In recent years, the NHS has been subjected to frequent top-down structural reorganisations. Instead of embarking on further organisational changes, the emphasis should be on how services need to change, taking the new models of care outlined in the NHS five year forward view as a starting point. This means providing more care outside hospitals and delivering integrated care to better meet the needs of the ageing population and the growing number of people with long-term conditions. 

Success depends on enabling NHS leaders to develop cultures in which staff are motivated and supported to deliver high-quality, compassionate care. This means embedding a culture across the NHS in which openness, transparency and accountability are the norm. Patients should also be more closely involved in decisions about their care, with better use of data and technology to support them in managing their own health.

What must be done?

It is time to initiate a fundamental shift in how the NHS is reformed, learning from what has worked here and abroad.

  • Another top-down reorganisation of NHS structures must be avoided. Instead of mandating change from above, the government should promote ‘reform from within’ by supporting NHS leaders to improve quality of care and lead change themselves.
  • Ministers must resist the urge to micro-manage the NHS from the centre. A new political settlement should clearly define the strategic role of politicians and national bodies, and devolve more power and accountability to local NHS organisations.
  • The NHS five year forward view offers a clear vision for how services need to change and commands widespread consensus. The government should build on this by ensuring that national policies support these new models of care and extend current initiatives led by the NHS and local government to accelerate the delivery of integrated care.
  • There should be much greater emphasis on prevention, with local authorities using their responsibilities for public health to lead the way locally. Priorities include tackling obesity, reducing alcohol-related health problems and smoking, and increasing levels of physical activity.

3. A new settlement for health and social care

The issue

The 1948 settlement – which established the NHS as a universal service, free at the point of use, and social care as a separately funded, means-tested service – is no longer fit for purpose. With so many people living longer with a mixture of needs that cross the boundaries of health and social care, the historic divide between the two systems is not sustainable.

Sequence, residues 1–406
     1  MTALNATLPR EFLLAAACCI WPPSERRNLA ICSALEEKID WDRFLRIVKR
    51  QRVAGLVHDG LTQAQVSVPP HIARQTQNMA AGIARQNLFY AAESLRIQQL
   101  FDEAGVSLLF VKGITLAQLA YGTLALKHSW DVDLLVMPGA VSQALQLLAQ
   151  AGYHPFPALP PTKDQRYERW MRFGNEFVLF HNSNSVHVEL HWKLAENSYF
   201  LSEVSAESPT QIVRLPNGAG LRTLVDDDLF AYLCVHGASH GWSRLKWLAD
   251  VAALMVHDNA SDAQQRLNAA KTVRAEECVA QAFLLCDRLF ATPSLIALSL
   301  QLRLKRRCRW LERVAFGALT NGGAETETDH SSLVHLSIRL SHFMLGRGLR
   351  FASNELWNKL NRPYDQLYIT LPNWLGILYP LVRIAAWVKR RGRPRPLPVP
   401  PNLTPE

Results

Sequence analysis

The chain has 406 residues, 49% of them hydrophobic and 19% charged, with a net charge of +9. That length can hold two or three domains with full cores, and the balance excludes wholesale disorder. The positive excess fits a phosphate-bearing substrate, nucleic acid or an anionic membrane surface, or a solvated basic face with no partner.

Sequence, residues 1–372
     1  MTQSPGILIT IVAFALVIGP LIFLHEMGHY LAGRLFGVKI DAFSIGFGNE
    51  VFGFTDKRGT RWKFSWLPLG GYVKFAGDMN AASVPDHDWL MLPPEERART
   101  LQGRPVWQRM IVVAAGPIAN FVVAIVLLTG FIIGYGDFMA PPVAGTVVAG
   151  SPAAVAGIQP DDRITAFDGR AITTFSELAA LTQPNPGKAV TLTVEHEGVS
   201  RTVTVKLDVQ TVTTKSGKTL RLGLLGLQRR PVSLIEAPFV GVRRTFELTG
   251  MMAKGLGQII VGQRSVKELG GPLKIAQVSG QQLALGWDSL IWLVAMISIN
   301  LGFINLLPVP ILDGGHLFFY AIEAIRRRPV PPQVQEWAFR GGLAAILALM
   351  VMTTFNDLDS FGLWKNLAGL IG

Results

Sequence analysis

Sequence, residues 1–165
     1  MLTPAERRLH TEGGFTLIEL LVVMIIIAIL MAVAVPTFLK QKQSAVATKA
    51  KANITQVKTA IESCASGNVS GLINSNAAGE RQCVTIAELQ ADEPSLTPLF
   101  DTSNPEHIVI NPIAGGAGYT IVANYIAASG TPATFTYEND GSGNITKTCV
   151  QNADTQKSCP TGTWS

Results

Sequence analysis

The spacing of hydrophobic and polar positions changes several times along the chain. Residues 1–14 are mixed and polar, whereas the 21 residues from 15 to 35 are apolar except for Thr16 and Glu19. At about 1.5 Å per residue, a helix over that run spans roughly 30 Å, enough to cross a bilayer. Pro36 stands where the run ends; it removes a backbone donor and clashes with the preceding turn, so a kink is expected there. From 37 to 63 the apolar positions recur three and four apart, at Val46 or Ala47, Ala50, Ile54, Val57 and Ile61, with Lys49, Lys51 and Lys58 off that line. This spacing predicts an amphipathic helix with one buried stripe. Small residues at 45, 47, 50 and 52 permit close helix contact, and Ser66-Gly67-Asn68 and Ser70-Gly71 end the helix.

The independent Commission on the Future of Health and Social Care in England in England, chaired by economist Kate Barker, was established by The King’s Fund to consider the case for change and how to ensure adequate funding to meet future needs. Its final report set out a compelling vision for a new settlement that better meets 21st century needs.

The Barker Commission’s central recommendation was to simplify fragmented commissioning arrangements by moving to a single, ring-fenced budget for health and social care, and a single local commissioner of services. Entitlements to social care would be fairer, more consistent and generous, while entitlements to NHS services would remain unchanged. It suggested a radical package of measures to pay for this including tax reforms, limiting some universal benefits paid to older people and changes to prescription charges.

What must be done?

Responding to the challenge set out by the Barker Commission and delivering a new settlement for health and social care should be a top priority.

  • As a first step, the government should move quickly to develop a framework to enable all local areas to move to a single commissioner of health and social care by the end of the parliament. The detailed arrangements for delivering this should be left to local areas to agree.
  • More generous entitlements to social care should be phased in over time, as the Barker Commission recommended. This should be a key priority once the public finances are on a stable footing, with the aim of making some progress before the end of the parliament.
  • In the long term, the government should aim to bring public spending on health and social care up to 11–12 per cent of GDP – the same proportion currently spent by countries such as France, Canada and the Netherlands on health alone.
  • As the Barker Commission argued, the bulk of the additional funding needed to pay for a new settlement should come from the public purse. This raises difficult choices, so we urge the government to initiate a public debate about how to ensure adequate resources to meet future needs.